Of course some were more capable than others. The bard's body was barely recognisable. He had reached for a glowing orange gem despite the protestations of the wizard, and only Deacon's quick thinking had got the rest of them back to safety in time. He'd shouted, swept the wizard kicking into his arms and dived around the corner. Now the four of them stood over the remains. Deacon looked grim, hefting his mace in his hand. Helix, the wizard, hugged himself, about two unkind words from crying. Breya fidgeted, giving off metal-on-metal sounds as her armour moved. She looked irritated more than anything.
"Hey," she said, "I know it's all very sad and all, but there's more of this to get through and we're not gonna rest in here. Unless you want to wait," she added sharply to Helix, "and see if maybe that darn thing reforms itself so we can *all* get fried."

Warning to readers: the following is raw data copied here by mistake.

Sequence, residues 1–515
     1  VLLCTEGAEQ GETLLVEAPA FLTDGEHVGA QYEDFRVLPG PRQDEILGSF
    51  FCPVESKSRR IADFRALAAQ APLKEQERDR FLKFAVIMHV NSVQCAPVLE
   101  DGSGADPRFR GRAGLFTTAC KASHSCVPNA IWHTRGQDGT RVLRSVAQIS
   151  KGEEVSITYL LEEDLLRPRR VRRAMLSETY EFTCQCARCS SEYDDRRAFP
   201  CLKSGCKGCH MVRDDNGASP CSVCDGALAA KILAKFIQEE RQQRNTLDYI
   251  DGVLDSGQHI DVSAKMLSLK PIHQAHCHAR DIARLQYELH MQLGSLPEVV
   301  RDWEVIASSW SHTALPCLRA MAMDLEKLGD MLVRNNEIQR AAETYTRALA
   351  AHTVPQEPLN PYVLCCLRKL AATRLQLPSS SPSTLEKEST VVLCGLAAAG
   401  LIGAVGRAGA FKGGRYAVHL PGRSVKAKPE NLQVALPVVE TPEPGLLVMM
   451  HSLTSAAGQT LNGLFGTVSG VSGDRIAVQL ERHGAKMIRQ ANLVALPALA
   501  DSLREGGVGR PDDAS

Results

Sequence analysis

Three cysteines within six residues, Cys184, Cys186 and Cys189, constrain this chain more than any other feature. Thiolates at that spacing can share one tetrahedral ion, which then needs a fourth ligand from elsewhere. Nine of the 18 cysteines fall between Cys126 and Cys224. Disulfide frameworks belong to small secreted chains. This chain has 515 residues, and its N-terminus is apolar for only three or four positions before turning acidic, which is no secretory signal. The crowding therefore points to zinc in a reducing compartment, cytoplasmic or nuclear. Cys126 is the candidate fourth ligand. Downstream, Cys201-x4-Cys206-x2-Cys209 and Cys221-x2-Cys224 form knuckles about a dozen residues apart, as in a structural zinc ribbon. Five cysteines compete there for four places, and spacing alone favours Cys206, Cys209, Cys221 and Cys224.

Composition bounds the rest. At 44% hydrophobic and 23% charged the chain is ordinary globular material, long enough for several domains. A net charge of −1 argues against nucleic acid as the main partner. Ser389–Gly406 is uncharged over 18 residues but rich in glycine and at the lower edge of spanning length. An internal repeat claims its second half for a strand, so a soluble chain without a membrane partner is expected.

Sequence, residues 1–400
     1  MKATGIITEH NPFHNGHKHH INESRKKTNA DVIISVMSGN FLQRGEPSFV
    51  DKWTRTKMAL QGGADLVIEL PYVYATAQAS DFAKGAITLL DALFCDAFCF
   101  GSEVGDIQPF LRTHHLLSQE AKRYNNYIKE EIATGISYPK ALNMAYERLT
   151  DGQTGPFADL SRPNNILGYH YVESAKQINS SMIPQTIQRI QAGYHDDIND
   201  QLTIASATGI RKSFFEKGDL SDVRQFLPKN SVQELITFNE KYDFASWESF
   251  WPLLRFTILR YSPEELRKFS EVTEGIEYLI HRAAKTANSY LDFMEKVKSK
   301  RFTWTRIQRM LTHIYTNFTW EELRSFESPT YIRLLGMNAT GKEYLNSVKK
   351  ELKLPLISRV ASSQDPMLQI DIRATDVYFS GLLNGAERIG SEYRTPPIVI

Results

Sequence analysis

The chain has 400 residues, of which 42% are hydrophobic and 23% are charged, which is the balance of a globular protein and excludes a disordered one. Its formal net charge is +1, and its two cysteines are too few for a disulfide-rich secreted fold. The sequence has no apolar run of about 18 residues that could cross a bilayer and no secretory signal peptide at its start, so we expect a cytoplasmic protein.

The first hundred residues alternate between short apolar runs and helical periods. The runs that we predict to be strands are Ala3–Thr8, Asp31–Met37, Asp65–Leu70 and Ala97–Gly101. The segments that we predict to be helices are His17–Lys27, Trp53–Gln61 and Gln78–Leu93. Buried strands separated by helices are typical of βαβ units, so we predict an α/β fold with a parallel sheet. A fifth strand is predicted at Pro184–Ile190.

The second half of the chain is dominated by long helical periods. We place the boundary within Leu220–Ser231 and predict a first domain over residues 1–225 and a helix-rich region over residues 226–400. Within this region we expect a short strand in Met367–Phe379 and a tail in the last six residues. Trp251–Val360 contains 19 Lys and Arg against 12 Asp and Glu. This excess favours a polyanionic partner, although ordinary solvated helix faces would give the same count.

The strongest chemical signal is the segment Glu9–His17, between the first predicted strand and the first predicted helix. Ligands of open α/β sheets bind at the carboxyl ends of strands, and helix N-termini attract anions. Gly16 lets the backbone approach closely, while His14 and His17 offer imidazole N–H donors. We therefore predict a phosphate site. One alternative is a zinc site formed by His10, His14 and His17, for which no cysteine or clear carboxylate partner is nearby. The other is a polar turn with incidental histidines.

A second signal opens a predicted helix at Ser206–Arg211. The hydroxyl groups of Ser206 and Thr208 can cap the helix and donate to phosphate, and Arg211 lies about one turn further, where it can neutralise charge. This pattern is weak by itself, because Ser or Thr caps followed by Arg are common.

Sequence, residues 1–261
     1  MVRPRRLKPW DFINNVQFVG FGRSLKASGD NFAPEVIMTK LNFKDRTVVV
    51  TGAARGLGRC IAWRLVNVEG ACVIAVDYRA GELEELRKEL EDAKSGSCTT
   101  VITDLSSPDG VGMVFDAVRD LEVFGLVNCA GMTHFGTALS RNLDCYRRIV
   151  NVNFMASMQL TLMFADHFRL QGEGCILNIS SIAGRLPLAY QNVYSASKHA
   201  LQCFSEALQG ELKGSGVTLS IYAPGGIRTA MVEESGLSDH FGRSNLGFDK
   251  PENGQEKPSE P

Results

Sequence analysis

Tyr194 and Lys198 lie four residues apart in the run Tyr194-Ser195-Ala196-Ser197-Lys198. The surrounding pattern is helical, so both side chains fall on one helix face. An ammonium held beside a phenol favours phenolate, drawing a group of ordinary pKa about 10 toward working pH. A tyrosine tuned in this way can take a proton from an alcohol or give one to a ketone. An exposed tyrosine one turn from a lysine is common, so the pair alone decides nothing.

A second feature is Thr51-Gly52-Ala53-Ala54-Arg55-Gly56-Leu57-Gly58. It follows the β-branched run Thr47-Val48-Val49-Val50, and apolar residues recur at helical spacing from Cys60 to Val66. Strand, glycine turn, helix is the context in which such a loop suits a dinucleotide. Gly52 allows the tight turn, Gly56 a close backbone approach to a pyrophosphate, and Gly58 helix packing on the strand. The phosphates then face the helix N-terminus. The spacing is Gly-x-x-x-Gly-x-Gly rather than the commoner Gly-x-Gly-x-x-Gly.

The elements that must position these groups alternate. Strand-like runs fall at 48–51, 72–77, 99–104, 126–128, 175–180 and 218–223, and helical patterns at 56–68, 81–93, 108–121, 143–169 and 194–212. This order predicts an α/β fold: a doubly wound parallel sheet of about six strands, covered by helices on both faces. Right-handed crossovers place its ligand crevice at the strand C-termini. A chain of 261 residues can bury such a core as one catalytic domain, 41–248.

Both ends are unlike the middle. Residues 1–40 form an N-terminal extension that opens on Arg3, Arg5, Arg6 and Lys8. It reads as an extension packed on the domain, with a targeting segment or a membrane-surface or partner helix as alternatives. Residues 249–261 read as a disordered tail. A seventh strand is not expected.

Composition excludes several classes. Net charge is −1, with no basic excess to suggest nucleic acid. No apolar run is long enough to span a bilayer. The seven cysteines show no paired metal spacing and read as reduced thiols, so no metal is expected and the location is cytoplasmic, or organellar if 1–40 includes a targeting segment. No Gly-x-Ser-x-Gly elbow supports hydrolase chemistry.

Helix looked up at her wide-eyed. He didn't seem to notice when Breya tried to bully him, and Elsie had to admit that was admirable. They'd kept him from being able to make magic somehow in that prison, and whatever they'd done had left him squirrelly and strange. "M-maybe *you'd* get fried, in that great armour of yours. I th-think I'd be just *fine*."
Breya glared and half-started towards him. Deacon cleared his throat, though, and lifted his mace to rest it casually on his shoulder. He wasn't even looking at Breya, but Elsie saw her glance at him, frown, and ease the anger from her face.
"Maybe you're right, son," Breya said. "Maybe you're right, but it don't matter none. Let's get moving before some other drat trap goes off."